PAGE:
Ohio in Crisis

Buckeye state 2nd in nation for opioid-related deaths

Tyler Campbell of Pickerington died at the age of 23.  Tyler's Light is now a resource for drug abuse support.

Tyler Campbell of Pickerington died at the age of 23. Tyler's Light is now a resource for drug abuse support.

Bradon Williams, Business and Circulation

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A person dies every five hours in Ohio due to a drug overdose. Think about this. Let it sink in.

Over 4,000 Ohioans died of drug overdoses in 2016, a 33 percent increase. In fact, Ohio has hit rock bottom in opioid-related deaths ranking second only to West Virginia. Since October 2017 opioids have been considered a national public health emergency, and the numbers of deaths by opioids appear to be growing exponentially.

According to the National Institute on Drug Abuse, Ohio has the 2nd highest opioid rate at 32.9 opioid-related deaths per 100,000 people. As a result, the state is passing legislation to regulate the prescriptions that doctors issue their patients, and teaching students about the effects opioids have. Laws are good – but some people need help immediately. There are a few programs geared to helping teenagers and their families who struggle with opioid abuse.

Tyler’s Light is a community based, a non-profit program that started about six years ago by Wayne Campbell. He and his wife, Krista, lost their 23-year-old son, Tyler, to painkillers.

Tyler Campbell was a local high school football player who always dreamed of playing in the NFL. After a shoulder surgery and a Vicodin prescription, Tyler became addicted to painkillers. Then heroin. He went into rehabilitation for a month. Unfortunately, he later died of a heroin overdose.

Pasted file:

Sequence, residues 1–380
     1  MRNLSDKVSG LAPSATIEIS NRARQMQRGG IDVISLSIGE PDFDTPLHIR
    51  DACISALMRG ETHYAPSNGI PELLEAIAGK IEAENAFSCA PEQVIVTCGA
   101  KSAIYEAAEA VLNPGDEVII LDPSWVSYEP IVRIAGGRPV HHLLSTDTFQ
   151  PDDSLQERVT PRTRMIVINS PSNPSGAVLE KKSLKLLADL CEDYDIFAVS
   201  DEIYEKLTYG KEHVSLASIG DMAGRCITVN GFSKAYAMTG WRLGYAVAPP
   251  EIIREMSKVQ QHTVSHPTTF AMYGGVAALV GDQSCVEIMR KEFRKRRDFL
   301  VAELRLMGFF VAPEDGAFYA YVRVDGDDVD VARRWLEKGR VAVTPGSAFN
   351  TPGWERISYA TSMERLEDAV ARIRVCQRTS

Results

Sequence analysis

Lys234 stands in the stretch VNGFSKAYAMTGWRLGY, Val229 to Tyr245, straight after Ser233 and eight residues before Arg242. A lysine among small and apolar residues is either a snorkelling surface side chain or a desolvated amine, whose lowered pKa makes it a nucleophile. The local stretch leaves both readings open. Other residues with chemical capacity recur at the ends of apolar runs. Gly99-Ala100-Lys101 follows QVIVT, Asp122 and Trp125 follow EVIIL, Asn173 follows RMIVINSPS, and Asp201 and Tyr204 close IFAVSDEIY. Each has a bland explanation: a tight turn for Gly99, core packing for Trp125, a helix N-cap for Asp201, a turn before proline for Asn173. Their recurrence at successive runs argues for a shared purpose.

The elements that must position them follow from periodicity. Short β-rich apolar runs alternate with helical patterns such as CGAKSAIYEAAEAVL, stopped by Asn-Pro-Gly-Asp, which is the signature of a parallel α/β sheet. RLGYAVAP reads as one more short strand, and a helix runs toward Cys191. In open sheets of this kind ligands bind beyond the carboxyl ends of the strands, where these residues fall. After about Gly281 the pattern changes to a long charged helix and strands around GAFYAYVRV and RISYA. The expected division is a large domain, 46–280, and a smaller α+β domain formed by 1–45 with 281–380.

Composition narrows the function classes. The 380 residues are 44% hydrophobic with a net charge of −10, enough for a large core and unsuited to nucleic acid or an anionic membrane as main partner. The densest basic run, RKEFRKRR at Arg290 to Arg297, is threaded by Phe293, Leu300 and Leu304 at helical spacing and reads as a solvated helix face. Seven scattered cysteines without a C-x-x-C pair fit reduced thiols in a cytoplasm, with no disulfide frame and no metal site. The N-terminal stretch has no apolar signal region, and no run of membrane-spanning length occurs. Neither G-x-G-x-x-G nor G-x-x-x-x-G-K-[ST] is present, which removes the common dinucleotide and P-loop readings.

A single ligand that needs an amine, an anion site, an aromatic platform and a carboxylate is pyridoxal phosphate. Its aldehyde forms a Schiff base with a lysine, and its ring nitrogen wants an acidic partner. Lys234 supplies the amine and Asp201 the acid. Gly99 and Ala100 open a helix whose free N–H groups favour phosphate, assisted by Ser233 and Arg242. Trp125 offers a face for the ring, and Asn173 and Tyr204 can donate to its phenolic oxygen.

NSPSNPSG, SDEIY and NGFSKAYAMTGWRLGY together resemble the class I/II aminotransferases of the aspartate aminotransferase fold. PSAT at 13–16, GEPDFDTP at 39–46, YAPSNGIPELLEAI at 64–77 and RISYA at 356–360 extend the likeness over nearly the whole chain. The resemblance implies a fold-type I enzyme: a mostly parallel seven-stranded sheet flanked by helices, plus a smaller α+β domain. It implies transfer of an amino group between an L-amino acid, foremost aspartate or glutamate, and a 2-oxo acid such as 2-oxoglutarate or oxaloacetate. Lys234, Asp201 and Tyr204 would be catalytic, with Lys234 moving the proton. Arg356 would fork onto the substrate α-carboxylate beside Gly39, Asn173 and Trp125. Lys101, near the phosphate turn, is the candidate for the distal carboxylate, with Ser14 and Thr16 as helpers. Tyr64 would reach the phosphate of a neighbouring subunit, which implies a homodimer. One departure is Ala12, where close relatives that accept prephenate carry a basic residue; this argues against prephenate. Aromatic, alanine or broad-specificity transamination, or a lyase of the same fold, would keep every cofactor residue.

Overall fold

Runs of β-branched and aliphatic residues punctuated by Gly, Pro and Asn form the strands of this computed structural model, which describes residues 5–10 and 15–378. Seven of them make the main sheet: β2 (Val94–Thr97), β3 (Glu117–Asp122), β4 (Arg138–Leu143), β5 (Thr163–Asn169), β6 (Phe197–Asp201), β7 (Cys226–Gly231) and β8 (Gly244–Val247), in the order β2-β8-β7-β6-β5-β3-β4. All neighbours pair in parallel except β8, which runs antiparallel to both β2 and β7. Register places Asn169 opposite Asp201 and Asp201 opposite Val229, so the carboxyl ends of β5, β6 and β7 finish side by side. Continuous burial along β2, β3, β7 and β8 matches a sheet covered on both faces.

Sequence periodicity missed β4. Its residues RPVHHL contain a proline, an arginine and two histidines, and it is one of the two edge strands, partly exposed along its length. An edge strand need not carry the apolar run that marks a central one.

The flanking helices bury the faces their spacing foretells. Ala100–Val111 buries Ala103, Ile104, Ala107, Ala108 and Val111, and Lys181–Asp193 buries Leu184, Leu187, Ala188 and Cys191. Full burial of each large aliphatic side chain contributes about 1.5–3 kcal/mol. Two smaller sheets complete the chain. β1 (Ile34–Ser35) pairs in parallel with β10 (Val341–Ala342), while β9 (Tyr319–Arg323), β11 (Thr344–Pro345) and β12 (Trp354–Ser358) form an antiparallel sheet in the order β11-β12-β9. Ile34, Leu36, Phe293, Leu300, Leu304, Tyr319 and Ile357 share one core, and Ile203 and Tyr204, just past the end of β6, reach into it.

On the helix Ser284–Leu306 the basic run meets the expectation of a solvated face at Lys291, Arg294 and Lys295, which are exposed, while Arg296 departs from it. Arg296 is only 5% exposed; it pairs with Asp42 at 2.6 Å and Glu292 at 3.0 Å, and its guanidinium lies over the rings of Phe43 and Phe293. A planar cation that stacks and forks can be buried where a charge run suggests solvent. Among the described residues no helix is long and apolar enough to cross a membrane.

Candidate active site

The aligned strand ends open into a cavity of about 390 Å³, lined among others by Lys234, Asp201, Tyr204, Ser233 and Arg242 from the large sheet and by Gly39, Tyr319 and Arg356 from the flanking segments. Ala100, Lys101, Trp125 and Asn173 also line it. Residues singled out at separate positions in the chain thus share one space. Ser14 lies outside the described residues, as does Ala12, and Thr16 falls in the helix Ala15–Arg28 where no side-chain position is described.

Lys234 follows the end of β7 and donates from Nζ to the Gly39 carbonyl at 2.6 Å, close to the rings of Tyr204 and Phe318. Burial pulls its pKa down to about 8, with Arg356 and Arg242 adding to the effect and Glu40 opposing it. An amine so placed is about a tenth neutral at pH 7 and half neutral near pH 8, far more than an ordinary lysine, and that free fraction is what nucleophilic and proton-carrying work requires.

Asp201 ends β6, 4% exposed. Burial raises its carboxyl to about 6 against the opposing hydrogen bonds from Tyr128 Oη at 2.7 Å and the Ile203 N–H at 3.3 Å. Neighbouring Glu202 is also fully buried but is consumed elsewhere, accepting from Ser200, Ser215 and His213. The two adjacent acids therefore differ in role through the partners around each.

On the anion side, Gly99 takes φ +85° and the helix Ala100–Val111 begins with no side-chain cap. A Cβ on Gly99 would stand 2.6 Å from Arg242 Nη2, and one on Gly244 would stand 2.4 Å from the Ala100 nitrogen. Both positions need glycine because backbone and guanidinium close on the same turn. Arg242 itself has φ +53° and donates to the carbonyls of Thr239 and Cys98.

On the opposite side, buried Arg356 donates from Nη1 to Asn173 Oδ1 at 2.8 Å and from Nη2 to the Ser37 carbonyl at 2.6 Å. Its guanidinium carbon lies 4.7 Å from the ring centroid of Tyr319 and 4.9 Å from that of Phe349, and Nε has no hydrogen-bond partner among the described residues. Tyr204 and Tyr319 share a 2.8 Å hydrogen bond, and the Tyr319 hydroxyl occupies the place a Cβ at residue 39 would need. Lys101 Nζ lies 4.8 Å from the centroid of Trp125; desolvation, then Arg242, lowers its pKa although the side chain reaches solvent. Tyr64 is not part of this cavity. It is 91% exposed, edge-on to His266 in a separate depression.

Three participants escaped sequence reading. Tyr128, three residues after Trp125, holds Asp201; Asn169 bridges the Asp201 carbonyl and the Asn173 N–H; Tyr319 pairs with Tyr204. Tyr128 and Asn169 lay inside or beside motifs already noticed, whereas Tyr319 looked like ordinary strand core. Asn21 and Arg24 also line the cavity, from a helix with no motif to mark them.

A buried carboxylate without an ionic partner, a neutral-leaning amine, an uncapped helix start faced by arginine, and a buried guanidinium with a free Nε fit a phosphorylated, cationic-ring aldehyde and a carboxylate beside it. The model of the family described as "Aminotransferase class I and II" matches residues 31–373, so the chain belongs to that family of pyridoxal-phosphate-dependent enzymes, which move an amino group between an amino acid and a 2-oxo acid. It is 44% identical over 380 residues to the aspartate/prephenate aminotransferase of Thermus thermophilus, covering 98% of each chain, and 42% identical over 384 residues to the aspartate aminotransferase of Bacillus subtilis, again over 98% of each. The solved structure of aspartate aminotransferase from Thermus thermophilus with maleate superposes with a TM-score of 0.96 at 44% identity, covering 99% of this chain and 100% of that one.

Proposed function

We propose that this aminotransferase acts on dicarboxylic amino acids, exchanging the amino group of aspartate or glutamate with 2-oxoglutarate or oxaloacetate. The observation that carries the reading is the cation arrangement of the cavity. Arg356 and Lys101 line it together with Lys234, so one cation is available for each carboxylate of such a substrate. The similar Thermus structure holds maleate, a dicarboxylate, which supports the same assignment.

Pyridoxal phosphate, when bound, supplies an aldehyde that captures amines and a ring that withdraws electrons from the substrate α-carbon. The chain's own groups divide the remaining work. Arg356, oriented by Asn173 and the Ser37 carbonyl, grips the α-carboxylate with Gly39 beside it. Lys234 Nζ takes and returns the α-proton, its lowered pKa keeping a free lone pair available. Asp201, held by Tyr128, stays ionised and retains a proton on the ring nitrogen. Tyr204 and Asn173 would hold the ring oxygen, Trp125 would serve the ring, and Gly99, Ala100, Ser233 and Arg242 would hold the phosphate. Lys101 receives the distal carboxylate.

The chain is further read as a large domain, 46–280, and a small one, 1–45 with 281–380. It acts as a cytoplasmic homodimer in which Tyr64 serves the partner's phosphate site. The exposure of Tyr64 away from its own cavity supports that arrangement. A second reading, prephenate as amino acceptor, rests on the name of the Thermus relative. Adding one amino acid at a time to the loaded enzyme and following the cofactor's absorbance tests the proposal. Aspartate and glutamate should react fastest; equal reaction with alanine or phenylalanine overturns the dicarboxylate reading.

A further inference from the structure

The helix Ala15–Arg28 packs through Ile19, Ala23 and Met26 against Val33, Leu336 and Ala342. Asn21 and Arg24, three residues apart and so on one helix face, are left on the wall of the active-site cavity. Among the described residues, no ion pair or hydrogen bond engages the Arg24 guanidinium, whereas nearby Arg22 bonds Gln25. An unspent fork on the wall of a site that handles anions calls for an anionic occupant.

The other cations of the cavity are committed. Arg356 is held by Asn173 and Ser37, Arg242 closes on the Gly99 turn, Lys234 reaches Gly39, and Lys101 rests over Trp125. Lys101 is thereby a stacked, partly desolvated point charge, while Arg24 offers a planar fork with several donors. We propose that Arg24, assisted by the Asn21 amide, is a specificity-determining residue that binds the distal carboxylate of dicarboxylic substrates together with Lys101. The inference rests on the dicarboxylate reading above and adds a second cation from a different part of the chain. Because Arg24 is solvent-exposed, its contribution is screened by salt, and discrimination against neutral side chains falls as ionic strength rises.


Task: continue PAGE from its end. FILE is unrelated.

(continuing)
“Tyler was a gift to all those who knew him and his light will shine on. As Tyler would want, we will not carry on without him, but we will carry on for him,” writes Campbell on the organization’s website.

While Ohio is attempting to reverse the opioid abuse crisis, attempts are made futile by a consistently rising rate of opioid overdoses.

According to the Center for Disease Control, overdose deaths involving prescription opioids were five times higher in 2016 than in 1999.” That is not to say they aren’t making progress. The state recorded 81 million fewer doses of opioids given to patients in 2015 instead of the 782 million doses given in 2011.

In Lancaster and surrounding communities, there are a number of resources to help those who are dealing with opioid addiction. for example, the Fairfield County Alcohol, Drug Addiction, and Mental Health Board, in conjunction with Adam’s Light, offers a parent and family support group in both Lancaster and Pickerington.

According to their website, the group uses a blended curriculum which includes Baffled by Addiction by Ed Hughes & Ronald Turner, personal stories, and many other resources. The group provides support and resources for recovery. They are located in downtown Lancaster at the ADAMH building.

Jami Porter was in his late 20s and working in a furniture store warehouse. He was up on scaffolding when a sofa fell on him and he was hospitalized with a head injury. He became addicted to pain killers like Morphine and Oxycontin. This would be the beginning of more than a decade of addiction until he overdosed in 2016 two days before Thanksgiving.
“My son was killing himself with drugs and there was nothing I could do about it,” said Dick Porter, a Lancaster resident.
Porter said he was “co-dependent with his son trying to cure him and control him.”
The distraught father channeled his grief into helping others and now offers support through Tyler’s Light, a community based, non-profit program geared toward educating and supporting people whose loved ones are fighting drug addiction.
“Education is the key,” said Porter, “the newcomers to our group are the most important because they are there for support.”
Another Lancaster resident, Blaise Schmelzer shared his story of recovery with Eye of the Gale.
“Deal with the issues your struggling with or they will deal with you,” said Schmelzer. He described his teenage years when he felt peer pressure to experiment with drugs. As an adult, drug abuse lead to an addiction to prescribed pain killers. His tumultuous drug abuse cost him his life savings, his business, and would end in a six year prison term for illegal assemby of chemicals. Basically, he said he was caught with the “stuff” to make crystal methamphetamine.
Schmelzer said his turn around to recovery came through a thereputic community program. He said learning to deal with emotional issues was the key to his recovery.
Today he shares his story to encourage others to seek help.